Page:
B.Y.O.D. – Bring Your Own Device, the alleged cost saver Holy Grail of today’s IT departments… until they start to think about it. Allowing employees to bring in their own, personally purchased, technology devices seems like a good idea on paper and the bean counters think it will save tons but that’s not reality. Security, support, cross platform interoperability, access, and all the other little IT things that have to happen make the savings look less like a deal. In fact the cost may exceed company delivered devices for a complete end to end cost model. However, I don’t think it has to be this way.
BYOD’s biggest detractor, for those who are serious about it, is the security assurance for the company and customer data. How can you protect that data from devices you are not 100% in control of it’s sterility, antivirus, malware cleaning, and have no idea or control on what is installed on it? One way is to remove the network connectivity directly to that data and embrace ‘The Cloud’.
As much as I despise the term ‘The Cloud’ (glorified SaaS) the consumable service is one of the ways that you can use to protect what you hold so dear. Take Salesforce.com as an example. Salesforce is the undisputed king of SaaS/Cloud services. A disconnected, yet accessible service from pretty much anywhere, that houses the lifeblood of many company’s profits. Sales data. As a user of Salesforce, they don’t care what you connect to their service with. It really is a BYOD model. The data at the core is protected from malicious attack, corruption from an infected client, and you can feel more secure that your data is protected. In a BYOD model it’s perfect. So look at taking other business critical applications and their data away from direct connections and Cloudify it. The cost to try to adjust your in-house infrastructure and applications to accept untrusted BYOD connections will end the BYOD initiative before it begins.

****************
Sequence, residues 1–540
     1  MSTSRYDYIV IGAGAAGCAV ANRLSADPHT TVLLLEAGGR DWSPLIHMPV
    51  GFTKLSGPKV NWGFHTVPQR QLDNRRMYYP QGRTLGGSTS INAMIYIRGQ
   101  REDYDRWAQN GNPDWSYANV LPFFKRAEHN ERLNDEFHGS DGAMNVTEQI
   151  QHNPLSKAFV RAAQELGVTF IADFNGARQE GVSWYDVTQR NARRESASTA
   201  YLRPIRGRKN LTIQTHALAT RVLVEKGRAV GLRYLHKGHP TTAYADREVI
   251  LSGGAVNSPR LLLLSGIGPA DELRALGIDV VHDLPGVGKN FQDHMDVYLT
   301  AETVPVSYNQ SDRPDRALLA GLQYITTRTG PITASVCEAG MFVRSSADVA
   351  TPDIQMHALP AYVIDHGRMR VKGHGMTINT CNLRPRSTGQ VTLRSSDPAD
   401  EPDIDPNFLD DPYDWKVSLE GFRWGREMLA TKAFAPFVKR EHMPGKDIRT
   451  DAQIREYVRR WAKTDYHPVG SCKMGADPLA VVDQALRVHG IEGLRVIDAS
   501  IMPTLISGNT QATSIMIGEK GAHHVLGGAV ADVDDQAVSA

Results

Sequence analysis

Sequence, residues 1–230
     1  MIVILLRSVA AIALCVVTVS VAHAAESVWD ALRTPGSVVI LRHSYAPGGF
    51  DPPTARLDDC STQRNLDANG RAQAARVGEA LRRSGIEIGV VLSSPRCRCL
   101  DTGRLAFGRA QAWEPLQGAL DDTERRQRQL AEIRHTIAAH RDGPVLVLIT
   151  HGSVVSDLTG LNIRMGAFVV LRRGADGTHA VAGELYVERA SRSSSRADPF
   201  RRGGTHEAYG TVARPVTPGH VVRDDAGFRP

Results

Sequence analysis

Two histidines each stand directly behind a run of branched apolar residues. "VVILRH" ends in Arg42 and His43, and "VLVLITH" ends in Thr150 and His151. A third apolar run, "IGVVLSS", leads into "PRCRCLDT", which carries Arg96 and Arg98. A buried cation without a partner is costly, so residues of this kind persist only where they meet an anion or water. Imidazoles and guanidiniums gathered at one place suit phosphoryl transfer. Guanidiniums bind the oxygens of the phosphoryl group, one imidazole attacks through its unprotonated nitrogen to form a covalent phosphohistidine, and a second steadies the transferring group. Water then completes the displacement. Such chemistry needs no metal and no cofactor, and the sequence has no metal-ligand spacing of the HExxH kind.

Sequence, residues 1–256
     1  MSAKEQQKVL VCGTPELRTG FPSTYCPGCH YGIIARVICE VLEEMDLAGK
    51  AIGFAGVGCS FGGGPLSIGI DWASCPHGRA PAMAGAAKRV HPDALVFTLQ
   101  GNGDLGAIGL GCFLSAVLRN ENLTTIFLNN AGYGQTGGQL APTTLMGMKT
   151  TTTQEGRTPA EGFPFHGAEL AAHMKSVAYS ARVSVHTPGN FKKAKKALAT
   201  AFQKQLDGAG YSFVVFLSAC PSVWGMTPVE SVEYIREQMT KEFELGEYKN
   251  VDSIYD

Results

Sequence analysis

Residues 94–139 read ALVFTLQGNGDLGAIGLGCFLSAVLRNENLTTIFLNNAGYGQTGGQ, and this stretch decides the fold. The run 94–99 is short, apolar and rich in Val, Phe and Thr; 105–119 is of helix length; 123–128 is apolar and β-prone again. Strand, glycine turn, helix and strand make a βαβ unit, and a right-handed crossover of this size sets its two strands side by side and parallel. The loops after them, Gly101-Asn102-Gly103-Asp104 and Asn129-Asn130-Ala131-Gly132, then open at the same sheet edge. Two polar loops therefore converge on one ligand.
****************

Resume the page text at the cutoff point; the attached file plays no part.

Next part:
Currently I am working on moving core, business and IT applications into the Cloud, both public and private clouds. Internal networks are still restricted to company controlled devices but outside of that there are things in place and expansions to increase the connectivity flexibility. For example all the servers are VMWare in a large farm. I have my own VDI instance that I can connect to from any current PC or Mac. So when I want to work at home or on the move I don’t need my work PC, I actually fire up VMWare on my Mac and connect to my VDI to work. Moving Identity Management capabilities into the Cloud not only takes our reliance on 100% uptime on the internal infrastructures but also solves secure, protected Internet accessibility for password resets, access requests, and reporting by 3rd parties or Federated partners. My concern on what they are connecting with is relegated to protocol compatibility rather than device cleanliness.
BYOD already is a problem you are dealing with if you do any type of Federation only you are not worrying about the device but the connection method. Cloud services actually helps you in BYOD by taking the worry away about the device itself. Unless you are considering Cloud services along side a BYOD proposal, you should, otherwise your BYOD costs to retro-fit your applications and infrastructures to meet the increases security risks will outweigh in-house maintained computers.
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Binary Blogger has spent 20 years in the Information Security space currently providing security solutions and evangelism to clients. From early web application programming, system administration, senior management to enterprise consulting I provide practical security analysis and solutions to help companies and individuals figure out HOW to be secure every day.